10. The respirator hood as recited in claim 9, wherein said exhalation valve includes an opening through the exterior surface of said hood and a covering that extends over the opening, said covering being bonded to the hood, but overcoming the bond and pulling away from the hood to open said exhalation valve should the air pressure within the hood exceed the predetermined value.
Description
CROSS-REFERENCE TO RELATED APPLICATIONS

The present application claims priority to U.S. Provisional Application Ser. No. 60/504,292 filed Sep. 18, 2003, the entire disclosure of which is incorporated herein by reference

BACKGROUND OF THE INVENTION

The present invention relates to a respirator hood, and, more particularly, to a respirator hood that fits comfortably over the head of a wearer and provides for efficient delivery of air to the interior of the hood and into the breathing zone of the wearer.

In various industries and manufacturing environments, a respirator hood is worn in combination with a positive pressure air source to protect against respiratory hazards, such as those found in pharmaceutical operations and healthcare facilities. Regardless of the specific application for which the respirator hood is designed, it commonly includes an integral bib or shroud or a neck cuff of some kind, an internal suspension means, a face shield or some form of transparent lens in a front opening defined by the hood, and a port for connection to a positive pressure air source.

However, because air is simply forced into the hood in most constructions, there is no efficient delivery of air to the interior of the lens and into the breathing zone of the wearer. Furthermore, since respirator hoods are commonly constructed of a flexible material, such as that marketed and distributed by E.I. duPont de Nemours and Company of Wilmington, Del. under the trademark Tychem®, the introduction of air into the interior of the hood has an inflating or ballooning effect that causes the hood to rise up relative to the head of the wearer.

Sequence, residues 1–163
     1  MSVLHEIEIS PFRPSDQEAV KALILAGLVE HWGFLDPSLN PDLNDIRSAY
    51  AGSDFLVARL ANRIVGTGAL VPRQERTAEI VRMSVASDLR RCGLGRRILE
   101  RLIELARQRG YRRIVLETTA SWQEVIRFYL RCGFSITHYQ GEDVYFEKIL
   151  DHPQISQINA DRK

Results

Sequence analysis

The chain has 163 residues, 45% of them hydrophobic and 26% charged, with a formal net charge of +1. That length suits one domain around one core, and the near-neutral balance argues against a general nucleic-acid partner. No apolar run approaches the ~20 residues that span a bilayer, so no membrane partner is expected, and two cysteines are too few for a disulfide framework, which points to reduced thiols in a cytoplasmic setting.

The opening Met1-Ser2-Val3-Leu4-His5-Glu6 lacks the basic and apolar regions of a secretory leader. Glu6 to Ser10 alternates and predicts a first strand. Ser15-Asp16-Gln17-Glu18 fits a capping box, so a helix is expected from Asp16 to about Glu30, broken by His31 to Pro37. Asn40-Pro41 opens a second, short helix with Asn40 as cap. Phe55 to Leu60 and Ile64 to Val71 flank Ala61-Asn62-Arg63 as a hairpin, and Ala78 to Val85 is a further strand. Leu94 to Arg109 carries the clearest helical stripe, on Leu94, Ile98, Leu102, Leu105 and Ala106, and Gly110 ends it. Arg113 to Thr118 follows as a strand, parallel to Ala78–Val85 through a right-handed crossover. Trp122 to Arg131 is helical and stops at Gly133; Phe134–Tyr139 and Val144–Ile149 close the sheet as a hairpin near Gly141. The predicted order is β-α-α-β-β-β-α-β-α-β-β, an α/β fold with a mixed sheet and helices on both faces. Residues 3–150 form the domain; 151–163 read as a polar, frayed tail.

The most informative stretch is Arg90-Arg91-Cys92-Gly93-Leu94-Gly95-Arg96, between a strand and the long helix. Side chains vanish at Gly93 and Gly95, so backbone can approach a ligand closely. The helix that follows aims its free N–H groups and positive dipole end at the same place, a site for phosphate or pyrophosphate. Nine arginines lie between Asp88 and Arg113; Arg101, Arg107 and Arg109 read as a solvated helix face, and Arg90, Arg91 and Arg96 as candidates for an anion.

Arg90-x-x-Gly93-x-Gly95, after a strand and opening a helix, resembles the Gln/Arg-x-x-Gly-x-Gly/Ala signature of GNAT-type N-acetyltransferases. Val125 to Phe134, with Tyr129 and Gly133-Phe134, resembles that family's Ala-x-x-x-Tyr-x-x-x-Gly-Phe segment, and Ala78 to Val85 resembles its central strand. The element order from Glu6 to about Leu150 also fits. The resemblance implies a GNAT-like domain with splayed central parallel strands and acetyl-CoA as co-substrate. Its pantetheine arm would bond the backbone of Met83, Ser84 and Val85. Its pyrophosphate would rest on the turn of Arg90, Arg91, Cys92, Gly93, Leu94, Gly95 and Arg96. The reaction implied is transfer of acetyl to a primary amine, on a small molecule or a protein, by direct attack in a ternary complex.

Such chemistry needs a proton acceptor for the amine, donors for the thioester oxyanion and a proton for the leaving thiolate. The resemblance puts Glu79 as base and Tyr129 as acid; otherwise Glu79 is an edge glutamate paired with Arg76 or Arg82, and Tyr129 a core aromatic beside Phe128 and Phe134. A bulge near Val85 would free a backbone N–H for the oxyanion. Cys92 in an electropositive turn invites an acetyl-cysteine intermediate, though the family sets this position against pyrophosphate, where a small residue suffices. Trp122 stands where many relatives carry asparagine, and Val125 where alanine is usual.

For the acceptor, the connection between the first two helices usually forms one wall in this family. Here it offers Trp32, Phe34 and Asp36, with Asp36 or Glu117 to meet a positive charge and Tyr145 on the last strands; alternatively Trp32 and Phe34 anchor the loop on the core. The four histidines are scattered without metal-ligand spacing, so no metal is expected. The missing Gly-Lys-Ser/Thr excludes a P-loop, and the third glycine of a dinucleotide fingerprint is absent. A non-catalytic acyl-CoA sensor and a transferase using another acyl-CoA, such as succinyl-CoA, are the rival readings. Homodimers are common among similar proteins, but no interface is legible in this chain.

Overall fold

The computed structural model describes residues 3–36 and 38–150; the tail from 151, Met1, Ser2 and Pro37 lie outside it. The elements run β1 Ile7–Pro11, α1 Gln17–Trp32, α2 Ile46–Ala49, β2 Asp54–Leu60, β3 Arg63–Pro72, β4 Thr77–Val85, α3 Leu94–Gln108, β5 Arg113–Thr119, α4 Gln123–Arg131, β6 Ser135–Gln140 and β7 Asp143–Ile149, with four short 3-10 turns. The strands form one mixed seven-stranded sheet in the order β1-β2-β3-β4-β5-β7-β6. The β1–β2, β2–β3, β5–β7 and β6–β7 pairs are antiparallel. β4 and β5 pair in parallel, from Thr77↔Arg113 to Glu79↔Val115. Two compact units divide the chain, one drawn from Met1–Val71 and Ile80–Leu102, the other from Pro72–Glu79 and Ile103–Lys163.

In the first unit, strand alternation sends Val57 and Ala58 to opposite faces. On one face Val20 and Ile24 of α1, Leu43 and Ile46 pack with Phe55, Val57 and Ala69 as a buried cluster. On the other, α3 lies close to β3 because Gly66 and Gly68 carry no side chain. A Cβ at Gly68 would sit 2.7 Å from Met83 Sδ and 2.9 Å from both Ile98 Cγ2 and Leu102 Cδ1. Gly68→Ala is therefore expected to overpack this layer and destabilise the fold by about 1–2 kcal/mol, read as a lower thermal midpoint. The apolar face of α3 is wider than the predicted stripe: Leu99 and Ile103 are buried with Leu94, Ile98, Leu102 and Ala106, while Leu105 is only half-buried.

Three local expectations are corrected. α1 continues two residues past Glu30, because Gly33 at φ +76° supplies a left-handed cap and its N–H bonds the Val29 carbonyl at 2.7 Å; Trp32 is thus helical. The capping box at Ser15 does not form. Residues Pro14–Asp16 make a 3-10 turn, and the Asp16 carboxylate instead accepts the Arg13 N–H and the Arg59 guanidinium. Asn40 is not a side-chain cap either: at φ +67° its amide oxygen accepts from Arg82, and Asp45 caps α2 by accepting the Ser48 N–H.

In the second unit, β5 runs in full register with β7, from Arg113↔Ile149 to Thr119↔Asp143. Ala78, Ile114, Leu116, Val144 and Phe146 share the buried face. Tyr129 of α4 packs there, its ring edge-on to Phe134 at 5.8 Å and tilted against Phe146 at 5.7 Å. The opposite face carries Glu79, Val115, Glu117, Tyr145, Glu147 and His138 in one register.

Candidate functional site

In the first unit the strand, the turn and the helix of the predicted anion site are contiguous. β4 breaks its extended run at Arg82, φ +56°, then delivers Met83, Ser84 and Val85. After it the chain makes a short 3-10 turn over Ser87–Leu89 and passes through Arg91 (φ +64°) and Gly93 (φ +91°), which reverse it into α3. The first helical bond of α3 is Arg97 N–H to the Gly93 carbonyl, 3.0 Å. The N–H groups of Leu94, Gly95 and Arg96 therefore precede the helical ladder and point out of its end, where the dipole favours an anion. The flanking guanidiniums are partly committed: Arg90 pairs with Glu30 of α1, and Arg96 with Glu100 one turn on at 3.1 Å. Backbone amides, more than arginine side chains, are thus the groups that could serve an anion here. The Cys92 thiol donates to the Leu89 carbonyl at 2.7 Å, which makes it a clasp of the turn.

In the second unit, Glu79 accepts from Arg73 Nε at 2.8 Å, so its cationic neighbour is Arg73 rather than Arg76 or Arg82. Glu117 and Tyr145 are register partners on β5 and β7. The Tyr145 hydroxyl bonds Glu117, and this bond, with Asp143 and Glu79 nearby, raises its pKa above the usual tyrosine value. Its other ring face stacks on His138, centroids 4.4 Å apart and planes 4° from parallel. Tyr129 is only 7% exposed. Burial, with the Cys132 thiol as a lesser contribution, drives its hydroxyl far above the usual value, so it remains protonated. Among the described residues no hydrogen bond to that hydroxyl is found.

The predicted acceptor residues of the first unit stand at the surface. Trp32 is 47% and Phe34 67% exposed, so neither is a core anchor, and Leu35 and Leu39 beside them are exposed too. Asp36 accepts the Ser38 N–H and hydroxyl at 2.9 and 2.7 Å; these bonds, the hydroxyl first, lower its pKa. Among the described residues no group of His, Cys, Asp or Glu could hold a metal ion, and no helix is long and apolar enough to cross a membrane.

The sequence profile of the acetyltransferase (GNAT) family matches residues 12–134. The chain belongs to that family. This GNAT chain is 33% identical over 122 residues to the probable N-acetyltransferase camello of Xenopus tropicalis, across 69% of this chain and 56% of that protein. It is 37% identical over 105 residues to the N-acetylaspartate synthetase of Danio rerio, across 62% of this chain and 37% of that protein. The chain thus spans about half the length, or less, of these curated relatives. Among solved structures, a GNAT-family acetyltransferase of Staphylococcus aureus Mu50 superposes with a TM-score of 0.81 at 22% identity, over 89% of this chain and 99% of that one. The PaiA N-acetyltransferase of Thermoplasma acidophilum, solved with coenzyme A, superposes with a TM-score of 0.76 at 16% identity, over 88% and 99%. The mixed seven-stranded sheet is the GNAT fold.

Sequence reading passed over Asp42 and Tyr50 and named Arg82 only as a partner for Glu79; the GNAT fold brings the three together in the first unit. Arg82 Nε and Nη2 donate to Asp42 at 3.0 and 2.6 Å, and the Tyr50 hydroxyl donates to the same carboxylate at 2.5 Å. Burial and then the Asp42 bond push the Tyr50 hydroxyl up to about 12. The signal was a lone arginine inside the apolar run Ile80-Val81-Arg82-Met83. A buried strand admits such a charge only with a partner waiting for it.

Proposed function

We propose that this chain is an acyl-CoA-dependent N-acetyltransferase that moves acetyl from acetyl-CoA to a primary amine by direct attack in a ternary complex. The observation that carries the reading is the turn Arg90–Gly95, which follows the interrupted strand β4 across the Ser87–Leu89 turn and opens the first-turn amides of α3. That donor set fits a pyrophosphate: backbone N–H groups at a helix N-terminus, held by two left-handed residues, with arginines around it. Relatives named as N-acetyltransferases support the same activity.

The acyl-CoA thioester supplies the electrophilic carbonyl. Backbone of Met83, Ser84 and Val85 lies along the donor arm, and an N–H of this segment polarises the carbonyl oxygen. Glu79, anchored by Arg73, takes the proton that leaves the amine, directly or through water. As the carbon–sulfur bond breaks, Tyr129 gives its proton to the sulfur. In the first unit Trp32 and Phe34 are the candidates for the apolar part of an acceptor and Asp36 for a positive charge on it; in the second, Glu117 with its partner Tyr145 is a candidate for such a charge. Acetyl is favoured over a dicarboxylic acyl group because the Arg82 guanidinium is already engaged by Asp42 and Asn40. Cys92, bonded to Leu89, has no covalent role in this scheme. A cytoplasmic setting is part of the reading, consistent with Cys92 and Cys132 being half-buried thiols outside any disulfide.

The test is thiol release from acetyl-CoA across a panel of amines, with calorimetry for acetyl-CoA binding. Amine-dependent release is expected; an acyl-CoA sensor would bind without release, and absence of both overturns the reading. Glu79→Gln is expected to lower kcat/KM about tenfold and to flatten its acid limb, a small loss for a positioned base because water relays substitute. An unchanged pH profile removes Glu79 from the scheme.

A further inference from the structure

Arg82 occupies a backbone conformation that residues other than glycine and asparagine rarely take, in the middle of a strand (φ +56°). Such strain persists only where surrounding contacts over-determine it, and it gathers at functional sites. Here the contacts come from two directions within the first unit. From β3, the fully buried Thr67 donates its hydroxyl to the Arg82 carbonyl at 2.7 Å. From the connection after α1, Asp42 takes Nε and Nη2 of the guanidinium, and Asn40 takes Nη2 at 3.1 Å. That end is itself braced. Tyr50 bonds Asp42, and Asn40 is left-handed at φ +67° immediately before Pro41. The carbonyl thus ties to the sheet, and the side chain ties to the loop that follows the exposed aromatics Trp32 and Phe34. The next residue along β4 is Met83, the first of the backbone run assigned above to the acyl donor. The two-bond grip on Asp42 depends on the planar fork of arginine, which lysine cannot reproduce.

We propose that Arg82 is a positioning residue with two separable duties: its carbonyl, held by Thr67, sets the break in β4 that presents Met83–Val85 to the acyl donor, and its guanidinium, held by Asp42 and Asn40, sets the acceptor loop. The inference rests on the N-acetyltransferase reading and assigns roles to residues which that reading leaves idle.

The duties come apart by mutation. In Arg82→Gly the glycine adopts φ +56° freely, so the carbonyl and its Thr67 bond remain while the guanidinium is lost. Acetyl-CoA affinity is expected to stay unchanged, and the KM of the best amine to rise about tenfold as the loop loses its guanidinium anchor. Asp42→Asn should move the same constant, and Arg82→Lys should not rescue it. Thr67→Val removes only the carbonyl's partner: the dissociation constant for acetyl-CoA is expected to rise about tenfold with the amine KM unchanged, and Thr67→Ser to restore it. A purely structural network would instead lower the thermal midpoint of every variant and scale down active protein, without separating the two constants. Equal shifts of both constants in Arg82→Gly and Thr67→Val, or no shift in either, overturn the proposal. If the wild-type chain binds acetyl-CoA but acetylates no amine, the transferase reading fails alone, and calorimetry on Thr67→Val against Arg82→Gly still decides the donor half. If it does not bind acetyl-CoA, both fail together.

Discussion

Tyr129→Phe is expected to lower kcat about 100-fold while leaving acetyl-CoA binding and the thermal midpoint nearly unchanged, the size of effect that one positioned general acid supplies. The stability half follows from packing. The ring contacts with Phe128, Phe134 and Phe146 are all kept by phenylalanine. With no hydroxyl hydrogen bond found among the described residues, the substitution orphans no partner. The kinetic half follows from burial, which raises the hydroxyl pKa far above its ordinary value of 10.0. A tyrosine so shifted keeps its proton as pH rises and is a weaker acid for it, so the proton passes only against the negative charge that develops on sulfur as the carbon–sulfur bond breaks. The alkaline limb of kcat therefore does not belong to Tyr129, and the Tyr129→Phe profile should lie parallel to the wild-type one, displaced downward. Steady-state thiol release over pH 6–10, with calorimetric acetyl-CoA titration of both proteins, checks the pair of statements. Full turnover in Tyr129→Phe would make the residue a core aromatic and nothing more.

It is therefore an object of the present invention to provide a respirator hood that ensures for efficient delivery of air to the interior of the hood and into the breathing zone of the wearer.

It is another object of the present invention to provide a respirator hood that prevents the ballooning and “rising up” of the respirator hood relative to the wearer, but without the need for cumbersome and uncomfortable suspension systems common in the prior art.

These and other objects and advantages of the present invention will become apparent upon a review of the following description and appended claims.

SUMMARY OF THE INVENTION

The present invention is a respirator hood that fits comfortably over the head of a wearer and provides for efficient delivery of air to the interior of the hood and into the breathing zone of the wearer. A hood made in accordance with the present invention is designed to fit over and around the head of a wearer and defines a front opening in which a transparent lens is received to protect the face of the wearer without obstructing vision. Air is provided through an inlet and is directed into a reservoir within the hood. From this reservoir, air is distributed to an inflatable neck cuff and one or more overhead channels that provide for efficient delivery of air to the interior of the hood and into the breathing zone of the wearer.

The neck cuff is positioned at the lower portion of the hood and substantially circumscribes the opening through which a wearer inserts his head into the hood. Incoming air inflates the neck cuff. Since there is no exit or outlet from the neck cuff, it remains inflated, thus causing the neck cuff to exert maximum sealing pressure against the wearer's neck and also prevents the hood from rising up relative to the wearer's head due to the upward forces resulting from the introduction of air into the interior of the hood.

Air is also directed from the reservoir into one or more overhead channels that provide for efficient delivery of air to the interior of the hood and into the breathing zone of the wearer. In one exemplary embodiment, and as further described herein, the hood is provided with three channels, although fewer or more channels could be incorporated into the hood without departing from the spirit and scope of the present invention. By providing multiple overhead channels, as opposed to a single, unitary channel, movement of the hood due to the air flow from the rear of the hood to the front of the hood is minimized. Specifically, by providing multiple overhead channels, there is not a significant extension of the channels into the interior of the hood, increasing headroom and reducing the likelihood that movement of the hood would cause the lens to be pushed against the wearer's face.